Friday, March 26, 2010

Rainy Days and Fridays.

There is an inverse relationship between a rainy day and the amount of wiggles, shrieks, and tears found in the average preschool classroom.

Every preschool teacher out there knows exactly what I mean.

Teacher has erased playground time and fresh air from the day's schedule. If the school has a large gym or great hall, that will be where the kids will run around for fifteen minutes some time over the next four hours.

They make it through the morning, have some lunch . . . then come to me for Preschool Phonics.

I love these kids. They're bright, loving, eager to share the minutae of their lives (including some things I'm sure their parents would be appalled they tell me), and greet me joyfully each week.

But if it rains, all bets are off. I resort to theatrics, goofy faces, songs, jumping up and down, and anything I can think of to get their attention. Oh, they want to work. But they just can't contain themselves. Because they haven't had playground time. Or fresh air.

Lesson: long vowel /o/ with silent /e/ at the end. "Phonics Friends, how do we know this is a long o?"

"It's funderin, Mrs. Naw," says precious girl in sparkling pink shoes. We take a two-minute pause so everyone can shriek and wonder if it's going to "funder" again.

I'm looking for one of them to notice the silent e at the end of the word. I'm pointing to it. I'm making my goofy face. They KNOW this - we're merely reviewing a concept they have engraved on their brains.

"My feet aw wet - I don't like wet feet." Monkey boy who never met a dirt pile he didn't like does not feel the same way about rain.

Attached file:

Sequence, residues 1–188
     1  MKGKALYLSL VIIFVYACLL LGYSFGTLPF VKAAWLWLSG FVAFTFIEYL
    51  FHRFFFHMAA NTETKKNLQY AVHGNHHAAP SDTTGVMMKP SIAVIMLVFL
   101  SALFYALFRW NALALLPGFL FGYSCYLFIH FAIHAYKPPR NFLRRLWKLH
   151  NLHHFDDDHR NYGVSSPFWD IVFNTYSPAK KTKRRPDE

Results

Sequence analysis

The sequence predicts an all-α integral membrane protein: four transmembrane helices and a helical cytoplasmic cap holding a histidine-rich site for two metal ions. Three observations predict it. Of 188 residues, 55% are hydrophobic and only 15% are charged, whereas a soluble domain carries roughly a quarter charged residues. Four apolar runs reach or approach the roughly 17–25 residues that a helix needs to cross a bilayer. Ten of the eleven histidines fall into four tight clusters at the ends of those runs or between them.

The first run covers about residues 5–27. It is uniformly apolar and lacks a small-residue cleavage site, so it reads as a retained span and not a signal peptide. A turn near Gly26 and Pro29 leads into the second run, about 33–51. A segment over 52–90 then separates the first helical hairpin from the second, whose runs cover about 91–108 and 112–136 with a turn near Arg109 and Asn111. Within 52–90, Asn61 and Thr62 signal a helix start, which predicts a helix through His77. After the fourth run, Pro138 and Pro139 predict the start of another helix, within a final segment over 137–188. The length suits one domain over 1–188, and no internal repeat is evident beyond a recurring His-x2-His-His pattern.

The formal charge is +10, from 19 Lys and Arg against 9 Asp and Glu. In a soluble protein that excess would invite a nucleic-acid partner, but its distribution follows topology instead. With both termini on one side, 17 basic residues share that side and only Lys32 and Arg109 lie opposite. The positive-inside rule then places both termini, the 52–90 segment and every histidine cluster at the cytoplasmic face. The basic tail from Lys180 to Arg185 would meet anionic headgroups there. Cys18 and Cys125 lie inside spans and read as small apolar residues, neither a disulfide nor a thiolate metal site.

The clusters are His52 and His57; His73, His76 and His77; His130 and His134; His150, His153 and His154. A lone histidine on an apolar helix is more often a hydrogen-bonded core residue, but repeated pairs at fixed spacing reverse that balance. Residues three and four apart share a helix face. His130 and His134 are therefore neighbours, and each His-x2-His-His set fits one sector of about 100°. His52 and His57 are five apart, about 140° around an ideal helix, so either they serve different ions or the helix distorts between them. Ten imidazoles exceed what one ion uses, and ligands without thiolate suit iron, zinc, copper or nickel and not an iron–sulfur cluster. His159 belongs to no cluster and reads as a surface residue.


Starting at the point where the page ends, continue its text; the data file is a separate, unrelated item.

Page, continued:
Okay, then. Let's start our centers. They love centers. Open an easter egg, pull out the letters, and create a long vowel word for the picture card inside (a kid favorite - who doesn't like seeing what's hiding in a plastic egg?). Who can make the most three-letter words with the What's Gnu game?  Sort the words according to long vowel and short vowel sounds.

Because it's raining outside, children who can usually spend five minutes in each center are wriggling and restless after just 2 minutes. Hello, Short Attention Span Theater.

"Mrs. Naw, I need to go to the baffroom." This child has already gone three times, and unless we're dealing with a bladder infection, I think the bathroom has turned into his happy place.

CRASH! Shrieks of laughter reward the curly haired moppet who just took all the Boggle cubes and scattered them across the floor. So I suggest the kids make words by rolling the cubes and seeing what words turn up. An instant hit, and soon we're spelling LOUDLY on the floor.

Suddenly it's treasure box and pick up time. Parents dash in from the rain, Phonics Friends go skipping out the door, and I survey the wreckage left behind.

Another rainy day. Yet learning still happened.

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